Trained deep learning models do not generalize well if the testing data has a different distribution from the training data set. For instance, in medical image segmentation, the MRI and CT scan of the same object look very different. If we simply train a model on the MRI scans, it is very likely that the model will not work on the CT scans. However, it is very expensive and time-consuming to manually label different data sets. Therefore, we wish to transfer the knowledge from a labeled training set to an unlabeled testing data with a different distribution. Domain adaptation can help us achieve this purpose.

Domain adaptation can be categorized into three types based on the availability of target domain data: supervised, semi-supervised, unsupervised [1]. In supervised domain adaptation, a limited amount of labeled target domain data is available. In the semi-supervised setting, unlabeled target domain data as well as a small amount of labeled target domain data is available. In the unsupervised setting, only unlabeled target domain data is available. Unsupervised domain adaptation is an ill-posed problem since we do not have labels for the target domain data. Proper assumptions on the target domain data are important for performing unsupervised domain adaptation. In our research, we focus on the unsupervised domain adaptation. Unsupervised domain adaptation can be applied to many computer vision problems, including classification, segmentation, and detection. Currently, we focus our experiment on classification.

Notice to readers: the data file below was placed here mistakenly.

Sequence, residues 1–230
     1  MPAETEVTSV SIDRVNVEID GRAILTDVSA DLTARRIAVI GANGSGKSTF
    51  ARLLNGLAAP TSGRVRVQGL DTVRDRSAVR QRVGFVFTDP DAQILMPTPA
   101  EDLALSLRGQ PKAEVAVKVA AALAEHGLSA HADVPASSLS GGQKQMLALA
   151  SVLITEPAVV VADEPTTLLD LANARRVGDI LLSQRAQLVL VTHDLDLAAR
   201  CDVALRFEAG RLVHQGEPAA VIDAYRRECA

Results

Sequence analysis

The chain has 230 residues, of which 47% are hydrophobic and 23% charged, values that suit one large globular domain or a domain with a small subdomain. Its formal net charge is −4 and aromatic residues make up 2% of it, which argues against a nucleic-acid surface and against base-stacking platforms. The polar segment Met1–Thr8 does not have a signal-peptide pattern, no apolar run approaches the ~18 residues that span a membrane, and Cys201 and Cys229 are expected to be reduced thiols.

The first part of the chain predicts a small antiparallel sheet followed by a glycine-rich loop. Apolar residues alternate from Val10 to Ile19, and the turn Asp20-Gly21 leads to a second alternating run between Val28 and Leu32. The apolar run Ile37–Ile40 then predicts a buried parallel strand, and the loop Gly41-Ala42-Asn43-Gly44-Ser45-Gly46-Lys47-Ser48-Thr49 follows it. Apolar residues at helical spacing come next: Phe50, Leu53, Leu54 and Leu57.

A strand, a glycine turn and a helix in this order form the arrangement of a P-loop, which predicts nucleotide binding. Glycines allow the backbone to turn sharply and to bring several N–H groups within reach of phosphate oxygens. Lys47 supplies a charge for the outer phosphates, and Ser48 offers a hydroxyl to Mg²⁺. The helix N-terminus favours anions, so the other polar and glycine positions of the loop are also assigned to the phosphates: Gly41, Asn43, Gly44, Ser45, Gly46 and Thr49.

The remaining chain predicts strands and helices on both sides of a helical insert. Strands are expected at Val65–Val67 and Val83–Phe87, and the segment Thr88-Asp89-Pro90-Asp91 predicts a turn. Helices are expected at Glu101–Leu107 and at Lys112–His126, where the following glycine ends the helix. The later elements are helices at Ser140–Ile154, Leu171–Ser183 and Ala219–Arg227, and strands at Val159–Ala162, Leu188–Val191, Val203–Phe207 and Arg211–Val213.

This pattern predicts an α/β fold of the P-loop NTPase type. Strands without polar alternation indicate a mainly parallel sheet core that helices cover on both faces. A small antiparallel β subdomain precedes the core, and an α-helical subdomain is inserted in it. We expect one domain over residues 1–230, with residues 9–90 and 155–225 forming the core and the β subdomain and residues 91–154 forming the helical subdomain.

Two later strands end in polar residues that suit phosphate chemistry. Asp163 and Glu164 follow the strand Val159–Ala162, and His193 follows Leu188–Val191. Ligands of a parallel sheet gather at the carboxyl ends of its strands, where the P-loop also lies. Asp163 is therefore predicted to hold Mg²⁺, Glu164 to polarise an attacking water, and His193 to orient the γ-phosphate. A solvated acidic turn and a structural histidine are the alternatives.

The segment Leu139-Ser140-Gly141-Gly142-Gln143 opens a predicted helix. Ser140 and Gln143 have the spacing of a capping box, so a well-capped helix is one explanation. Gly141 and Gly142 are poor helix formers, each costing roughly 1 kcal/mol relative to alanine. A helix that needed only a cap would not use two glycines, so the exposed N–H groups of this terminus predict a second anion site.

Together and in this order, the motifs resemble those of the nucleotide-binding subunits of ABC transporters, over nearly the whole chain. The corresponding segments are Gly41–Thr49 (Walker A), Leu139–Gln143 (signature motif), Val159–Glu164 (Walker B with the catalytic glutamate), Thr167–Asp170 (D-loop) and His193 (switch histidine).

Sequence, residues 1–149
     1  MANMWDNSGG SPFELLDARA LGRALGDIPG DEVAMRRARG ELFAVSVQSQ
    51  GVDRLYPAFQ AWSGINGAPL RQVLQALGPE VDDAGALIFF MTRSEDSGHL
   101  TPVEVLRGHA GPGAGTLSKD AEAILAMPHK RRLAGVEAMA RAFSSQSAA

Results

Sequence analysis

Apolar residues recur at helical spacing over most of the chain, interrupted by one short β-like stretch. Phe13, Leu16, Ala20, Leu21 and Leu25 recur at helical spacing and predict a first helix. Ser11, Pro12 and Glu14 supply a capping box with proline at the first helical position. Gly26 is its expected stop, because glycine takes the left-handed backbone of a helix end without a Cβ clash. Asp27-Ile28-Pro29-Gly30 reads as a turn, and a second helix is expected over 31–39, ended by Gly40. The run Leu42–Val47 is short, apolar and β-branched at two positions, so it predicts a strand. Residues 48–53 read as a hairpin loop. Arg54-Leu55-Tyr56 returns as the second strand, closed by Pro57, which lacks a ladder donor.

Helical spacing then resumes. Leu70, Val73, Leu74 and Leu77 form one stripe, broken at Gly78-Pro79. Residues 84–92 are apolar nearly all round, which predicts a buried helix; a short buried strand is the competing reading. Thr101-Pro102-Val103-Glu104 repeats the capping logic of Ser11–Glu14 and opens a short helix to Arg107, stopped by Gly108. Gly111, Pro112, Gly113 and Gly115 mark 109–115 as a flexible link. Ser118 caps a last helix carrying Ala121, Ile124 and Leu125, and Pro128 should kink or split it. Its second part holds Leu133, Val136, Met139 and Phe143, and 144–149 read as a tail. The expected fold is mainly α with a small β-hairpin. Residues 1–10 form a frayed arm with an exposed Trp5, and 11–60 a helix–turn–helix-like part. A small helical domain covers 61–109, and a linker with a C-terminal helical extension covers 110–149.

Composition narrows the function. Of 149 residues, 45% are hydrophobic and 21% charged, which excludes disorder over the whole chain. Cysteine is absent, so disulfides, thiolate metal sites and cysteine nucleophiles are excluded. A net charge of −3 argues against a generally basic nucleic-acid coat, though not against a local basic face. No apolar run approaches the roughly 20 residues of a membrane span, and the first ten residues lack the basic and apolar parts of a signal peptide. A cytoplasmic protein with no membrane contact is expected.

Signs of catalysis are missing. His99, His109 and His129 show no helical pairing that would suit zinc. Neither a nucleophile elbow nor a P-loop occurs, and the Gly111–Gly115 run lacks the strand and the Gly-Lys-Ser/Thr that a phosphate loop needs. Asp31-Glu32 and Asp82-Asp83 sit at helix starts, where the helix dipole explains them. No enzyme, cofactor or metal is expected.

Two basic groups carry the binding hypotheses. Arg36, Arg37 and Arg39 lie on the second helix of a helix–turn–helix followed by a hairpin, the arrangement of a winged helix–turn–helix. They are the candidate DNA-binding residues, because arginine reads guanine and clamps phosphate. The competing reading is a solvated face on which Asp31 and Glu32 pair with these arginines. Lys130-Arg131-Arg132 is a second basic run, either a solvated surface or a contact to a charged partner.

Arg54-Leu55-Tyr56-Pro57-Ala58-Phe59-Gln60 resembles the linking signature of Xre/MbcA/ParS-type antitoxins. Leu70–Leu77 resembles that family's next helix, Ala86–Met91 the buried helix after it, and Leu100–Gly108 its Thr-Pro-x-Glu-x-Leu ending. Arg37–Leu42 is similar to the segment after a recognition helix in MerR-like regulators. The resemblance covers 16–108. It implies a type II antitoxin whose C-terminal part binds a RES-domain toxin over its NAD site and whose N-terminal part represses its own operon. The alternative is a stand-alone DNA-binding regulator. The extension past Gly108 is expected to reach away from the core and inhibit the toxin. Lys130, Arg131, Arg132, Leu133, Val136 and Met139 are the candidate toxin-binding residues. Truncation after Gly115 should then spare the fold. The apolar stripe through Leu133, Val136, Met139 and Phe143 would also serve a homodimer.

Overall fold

–By Ruiyuan Lin



[1] M. Wang and W. Deng, “Deep visual domain adaptation: A survey,” Neurocomputing, 2018.

Image Credits:

Anon, (2018). Available at: [Accessed 16 Dec. 2018].

X. Peng,  B. Usman,  N. Kaushik,  J. Hoffman, D.  Wang, and K. Saenko, “Visda:  The visual domain adaptation challenge,” 2017.